Information provision for stroke survivors and their carers

Thomas F Crocker, Lesley Brown, Natalie Lam, Faye Wray, Peter Knapp, Anne Forster

Research output: Contribution to journalReview articlepeer-review


BACKGROUND: A stroke is a sudden loss of brain function caused by lack of blood supply. Stroke can lead to death or physical and cognitive impairment and can have long lasting psychological and social implications. Research shows that stroke survivors and their families are dissatisfied with the information provided and have a poor understanding of stroke and associated issues.

OBJECTIVES: The primary objective is to assess the effects of active or passive information provision for stroke survivors (people with a clinical diagnosis of stroke or transient ischaemic attack (TIA)) or their identified carers. The primary outcomes are knowledge about stroke and stroke services, and anxiety.

SEARCH METHODS: We updated our searches of the Cochrane Stroke Group Specialised Register on 28 September 2020 and for the following databases to May/June 2019: the Cochrane Central Register of Controlled Trials (CENTRAL; 2019, Issue 5) and the Cochrane Database of Systematic Reviews (CDSR; 2019, Issue 5) in the Cochrane Library (searched 31 May 2019), MEDLINE Ovid (searched 2005 to May week 4, 2019), Embase Ovid (searched 2005 to 29 May 2019), CINAHL EBSCO (searched 2005 to 6 June 2019), and five others. We searched seven study registers and checked reference lists of reviews.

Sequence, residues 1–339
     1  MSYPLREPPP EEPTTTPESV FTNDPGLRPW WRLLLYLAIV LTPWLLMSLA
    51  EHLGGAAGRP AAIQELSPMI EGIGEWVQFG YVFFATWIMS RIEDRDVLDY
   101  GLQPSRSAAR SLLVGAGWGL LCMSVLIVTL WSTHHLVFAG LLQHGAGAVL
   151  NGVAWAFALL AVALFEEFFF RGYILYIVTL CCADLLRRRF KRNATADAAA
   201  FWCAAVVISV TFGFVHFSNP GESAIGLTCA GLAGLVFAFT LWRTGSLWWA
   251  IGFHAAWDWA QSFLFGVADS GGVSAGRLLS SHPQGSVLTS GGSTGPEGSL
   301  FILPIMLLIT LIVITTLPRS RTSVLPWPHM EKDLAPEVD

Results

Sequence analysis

SELECTION CRITERIA: Randomised trials involving stroke survivors, their identified carers or both, where an information intervention was compared with standard care, or where information and another therapy were compared with the other therapy alone, or where the comparison was between active and passive information provision without other differences in treatment.

DATA COLLECTION AND ANALYSIS: Two review authors independently assessed trial eligibility and risk of bias, and extracted data. We categorised interventions as either active information provision or passive information provision: active information provision included active participation with subsequent opportunities for clarification and reinforcement; passive information provision provided no systematic follow-up or reinforcement procedure. We stratified analyses by this categorisation. We used GRADE methods to assess the overall certainty of the evidence.